Military official: Pearl Harbor gunman was unhappy with commanders

National

HONOLULU (AP) — The U.S. Navy sailor who fatally shot two people at Pearl Harbor before killing himself was unhappy with his commanders and had been undergoing counseling, a U.S. military official said Friday.

The sailor, Gabriel Romero, 22, also faced non-judicial punishment, which is a lower-level administrative process for minor misconduct, said the official, who spoke on condition of anonymity to discuss personnel matters not made public.

Romero also wounded another person in Wednesday’s attack at a naval shipyard before turning the gun on himself at the storied military base, officials have said.

In a second attack at a Navy base this week, a shooter opened fire in a classroom building Friday at Naval Air Station Pensacola in Florida — leaving four people dead, including the assailant, and multiple people wounded.

The Pearl Harbor shooting came just days before Saturday’s ceremony to remember those lost in the attack on Pearl Harbor 78 years ago, when security will be beefed up.

The National Park Service, which hosts the Pearl Harbor event with the Navy, declined to provide specifics on the heightened security measures, many of which aren’t readily apparent, Pearl Harbor National Memorial spokesman Jay Blount said. Increased security for the event is typical.

The commemoration of the anniversary of the Japanese bombing that propelled the United States into World War II is expected to draw survivors, veterans, dignitaries and the public to honor more than 2,300 Americans who perished on Dec. 7, 1941.

“We have not heard of anyone canceling plans to attend the event due to security concerns and want the public to know that it will be a safe, fun and enjoyable day for everyone,” Blount said.

Romero’s job was to stand watch and provide security for the fast attack submarine USS Columbia, which is at Joint Base Pearl Harbor-Hickam for maintenance. He used his service rifle to shoot the victims, then killed himself with his service pistol, the official said.

Navy officials have said they do not know the motive for the shooting and it was not known if the sailor and victims knew each other.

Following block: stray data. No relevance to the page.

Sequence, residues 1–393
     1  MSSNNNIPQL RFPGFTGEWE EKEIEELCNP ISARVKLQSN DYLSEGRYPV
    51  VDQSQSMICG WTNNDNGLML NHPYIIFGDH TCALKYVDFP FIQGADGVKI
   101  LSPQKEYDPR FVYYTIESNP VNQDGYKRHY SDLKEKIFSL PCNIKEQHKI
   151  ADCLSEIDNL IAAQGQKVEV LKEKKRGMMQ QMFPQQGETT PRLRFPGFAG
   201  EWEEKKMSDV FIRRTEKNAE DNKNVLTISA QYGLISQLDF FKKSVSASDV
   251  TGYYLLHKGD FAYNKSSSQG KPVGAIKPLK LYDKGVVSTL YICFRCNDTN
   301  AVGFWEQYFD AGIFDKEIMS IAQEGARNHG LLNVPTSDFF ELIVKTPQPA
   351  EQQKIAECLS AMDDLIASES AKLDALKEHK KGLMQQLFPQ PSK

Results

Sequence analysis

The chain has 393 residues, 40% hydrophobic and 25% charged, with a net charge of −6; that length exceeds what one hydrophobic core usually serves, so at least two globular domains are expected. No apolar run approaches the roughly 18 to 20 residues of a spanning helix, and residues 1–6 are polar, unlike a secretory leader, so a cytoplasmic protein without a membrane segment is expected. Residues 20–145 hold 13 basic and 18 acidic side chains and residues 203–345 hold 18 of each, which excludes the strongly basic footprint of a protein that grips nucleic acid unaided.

Tara Kapoi told The Associated Press that her 30-year-old husband, Vincent Kapoi Jr., was among those killed. He worked at the shipyard and grew up in Waianae, a town on the west side of Oahu, she said.

“We don’t know what happened,” she said Thursday, asking for privacy.

William and Sista Kahiamoe have lived next door to the Kapoi family for about 21 years. They said Vincent’s brother now lives in the home.

William Kahiamoe said Vincent Kapoi followed his father into civilian work at Pearl Harbor Naval Shipyard.

“He was a good boy, I know that. Took care of his mom when she was sick,” Sista Kahiamoe said. “He was really good, and he was the oldest child.”

College roommate Daniel Vu described Kapoi as a soft-spoken and hardworking “family guy” who woke up at 3 a.m. to work at the fishing docks to pay for tuition. Kapoi graduated from the University of San Francisco in 2011 and was proud of his Native Hawaiian and Filipino heritage, Vu told news website Honolulu Civil Beat.

“He was very giving, very generous and willing to sacrifice a lot,” Vu said. “He was one of the good guys out there.”

The other victims have not been identified.

Jamie Hiranaka, the president of the union representing the three workers, said they were all quality assurance inspectors who checked welding and other work completed by shipyard workers.

The union, the International Federation of Professional and Technical Engineers Local 121 Hawaii, said in a statement it was doing everything possible to help workers get through the shooting.

“Workers were in lockdown on base for hours yesterday; some were witnesses, others heard the gun shots, others locked down into the closest building they could find but most were locked in their offices not knowing (what) was happening. Many emotions were felt yesterday but most were of fear, terror, sadness and grief,” it said.

Mass shootings and gun violence are rare in Hawaii. The state had the lowest gun death rate among U.S. states in 2017, according to the Giffords Law Center to Prevent Gun Violence. The islands have strict firearms laws, including a ban on assault weapons and large-capacity ammunition magazines.

In 1999, a Xerox service technician shot and killed seven coworkers in Hawaii. In 2006, a man fatally shot his taxi driver and a couple taking photos of the city lights from a lookout point in the hills above Honolulu.

Pearl Harbor Naval Shipyard repairs, maintains and modernizes the ships and submarines of the U.S. Pacific Fleet, which is headquartered at Pearl Harbor. The base is the home for 10 destroyers, 15 submarines and Air Force units.

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